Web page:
May 7, 2015

 Testing Compromise Bill Makes Changes in the Final Hour


The 120-day legislative session finished late in the day on Wednesday, May 6. You can almost hear a collective sigh of relief across the state. We will have a full session recap next week, but I wanted to provide you some context for the assessment conversation that is on everyone's mind.


On the final day both the House and Senate agreed to a testing compromise. This legislation represents countless hours of hard work, including significant lobbying, working with strategic partners and harnessing expert member voices. CASE established a Testing and Data Privacy Working Group that met in the summer and fall of 2014 to advise CASE Past President Lisa Esc├írcega and other committee members who served on the 1202 Task Force. In the end, the final bill reflects the 1202 Task Force recommendations--at least those recommendations on which the committee could agree. There was a lot of progress made in the final hours.


That said, it is unlikely to satisfy most school and district leaders, but House Bill 1323 maintains elements of a system that we can continue to work to get right. It introduces some important elements that bring some flexibility into what happens next. For example the bill opens up some much needed experimentation in district pilot programs and allows a year of breathing room on the turnaround clock and the use of student data in teacher/principal evaluations.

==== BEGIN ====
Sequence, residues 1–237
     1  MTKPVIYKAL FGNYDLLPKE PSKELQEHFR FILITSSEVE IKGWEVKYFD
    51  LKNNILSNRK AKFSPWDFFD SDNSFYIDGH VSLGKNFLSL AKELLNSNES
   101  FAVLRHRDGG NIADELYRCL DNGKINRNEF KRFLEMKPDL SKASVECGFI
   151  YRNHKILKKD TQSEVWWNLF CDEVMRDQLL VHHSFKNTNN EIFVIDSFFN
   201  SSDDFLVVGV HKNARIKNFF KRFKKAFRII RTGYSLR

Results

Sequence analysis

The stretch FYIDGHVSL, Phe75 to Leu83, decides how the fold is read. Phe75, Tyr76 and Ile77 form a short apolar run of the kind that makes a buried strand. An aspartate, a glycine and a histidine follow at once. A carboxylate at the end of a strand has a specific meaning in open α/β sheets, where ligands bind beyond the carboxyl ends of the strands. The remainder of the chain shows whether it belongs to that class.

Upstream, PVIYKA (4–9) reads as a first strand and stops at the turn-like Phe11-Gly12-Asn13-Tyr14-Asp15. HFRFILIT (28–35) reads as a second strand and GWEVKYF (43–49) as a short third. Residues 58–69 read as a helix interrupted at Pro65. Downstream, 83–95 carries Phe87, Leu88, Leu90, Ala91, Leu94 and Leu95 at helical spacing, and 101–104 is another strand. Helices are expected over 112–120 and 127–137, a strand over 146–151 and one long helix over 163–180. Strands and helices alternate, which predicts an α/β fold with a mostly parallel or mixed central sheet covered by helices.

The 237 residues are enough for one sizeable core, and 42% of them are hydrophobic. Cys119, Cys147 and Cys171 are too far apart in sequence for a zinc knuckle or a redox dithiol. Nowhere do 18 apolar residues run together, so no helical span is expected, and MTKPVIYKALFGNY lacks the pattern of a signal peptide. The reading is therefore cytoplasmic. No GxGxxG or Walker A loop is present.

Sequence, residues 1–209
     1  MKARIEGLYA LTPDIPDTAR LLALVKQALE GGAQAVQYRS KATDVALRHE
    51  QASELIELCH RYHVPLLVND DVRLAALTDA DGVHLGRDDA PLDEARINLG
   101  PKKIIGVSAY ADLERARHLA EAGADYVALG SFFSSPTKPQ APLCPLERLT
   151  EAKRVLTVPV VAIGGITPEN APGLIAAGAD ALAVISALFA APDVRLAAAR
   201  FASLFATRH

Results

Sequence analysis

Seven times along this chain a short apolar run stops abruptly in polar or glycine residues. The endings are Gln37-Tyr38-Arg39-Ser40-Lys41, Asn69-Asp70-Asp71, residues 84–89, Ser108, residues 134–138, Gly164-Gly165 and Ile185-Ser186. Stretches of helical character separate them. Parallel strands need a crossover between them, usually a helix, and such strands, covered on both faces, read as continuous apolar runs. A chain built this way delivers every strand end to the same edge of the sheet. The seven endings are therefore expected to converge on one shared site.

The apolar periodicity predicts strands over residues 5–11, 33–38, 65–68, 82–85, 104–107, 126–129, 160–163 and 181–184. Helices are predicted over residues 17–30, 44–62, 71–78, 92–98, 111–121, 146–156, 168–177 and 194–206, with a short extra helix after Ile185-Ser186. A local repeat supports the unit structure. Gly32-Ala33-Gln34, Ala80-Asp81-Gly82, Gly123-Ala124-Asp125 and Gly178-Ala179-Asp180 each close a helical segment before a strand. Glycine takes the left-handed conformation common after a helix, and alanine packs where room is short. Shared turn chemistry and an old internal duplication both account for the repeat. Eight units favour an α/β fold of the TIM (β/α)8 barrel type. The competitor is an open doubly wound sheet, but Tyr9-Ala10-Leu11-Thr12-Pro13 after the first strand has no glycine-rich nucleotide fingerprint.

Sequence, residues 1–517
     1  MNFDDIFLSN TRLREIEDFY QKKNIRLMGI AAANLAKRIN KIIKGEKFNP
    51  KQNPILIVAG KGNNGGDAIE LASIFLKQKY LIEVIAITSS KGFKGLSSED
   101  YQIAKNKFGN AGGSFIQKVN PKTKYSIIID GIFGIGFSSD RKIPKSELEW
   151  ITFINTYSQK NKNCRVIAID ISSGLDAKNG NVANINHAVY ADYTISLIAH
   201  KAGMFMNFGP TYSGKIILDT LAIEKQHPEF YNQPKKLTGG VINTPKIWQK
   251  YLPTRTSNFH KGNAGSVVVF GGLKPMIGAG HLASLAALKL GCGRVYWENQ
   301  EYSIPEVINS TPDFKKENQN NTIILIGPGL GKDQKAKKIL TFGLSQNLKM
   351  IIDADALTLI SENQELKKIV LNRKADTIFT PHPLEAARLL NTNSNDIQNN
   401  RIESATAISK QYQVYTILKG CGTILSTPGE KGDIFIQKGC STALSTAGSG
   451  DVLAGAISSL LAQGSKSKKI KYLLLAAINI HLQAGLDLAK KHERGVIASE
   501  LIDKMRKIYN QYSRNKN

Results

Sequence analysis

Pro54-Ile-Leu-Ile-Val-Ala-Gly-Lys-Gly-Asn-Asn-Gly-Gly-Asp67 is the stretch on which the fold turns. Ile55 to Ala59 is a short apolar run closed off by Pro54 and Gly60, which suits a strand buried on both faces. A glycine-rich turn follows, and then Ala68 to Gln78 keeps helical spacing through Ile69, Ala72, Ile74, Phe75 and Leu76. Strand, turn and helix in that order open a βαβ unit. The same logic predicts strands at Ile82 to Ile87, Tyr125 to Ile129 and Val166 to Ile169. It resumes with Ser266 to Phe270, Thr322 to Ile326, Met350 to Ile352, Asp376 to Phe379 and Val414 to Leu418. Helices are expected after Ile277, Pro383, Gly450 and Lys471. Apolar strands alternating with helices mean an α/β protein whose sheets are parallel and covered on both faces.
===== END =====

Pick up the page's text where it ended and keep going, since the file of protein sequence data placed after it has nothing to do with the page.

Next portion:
This Chalkbeat article provides an excellent and thorough summary of House Bill 1323. We want to know what you think. We don't expect you to pull punches. Please tell us what you like, and what you think still needs to be addressed by clicking here. I will take comments and incorporate them (anonymously, if you like) in a future communication to all members.


This issue will continue to be at the forefront of our work at CASE, and we will maintain a strong presence in discussions at the State Board, the 2016 legislature, with the Colorado NCLB Waiver and in federal ESEA Reauthorization talks.


We will also be sending out a legislative summary next week. We need a little time for the dust to settle, and for conversations and perspective to help our organization navigate a very complex external environment. CASE advocacy efforts are not "one and done." We need your voice in the mix as our efforts are long term.


Help us recapture the narrative about what is truly important in public education in Colorado.


Bruce Caughey



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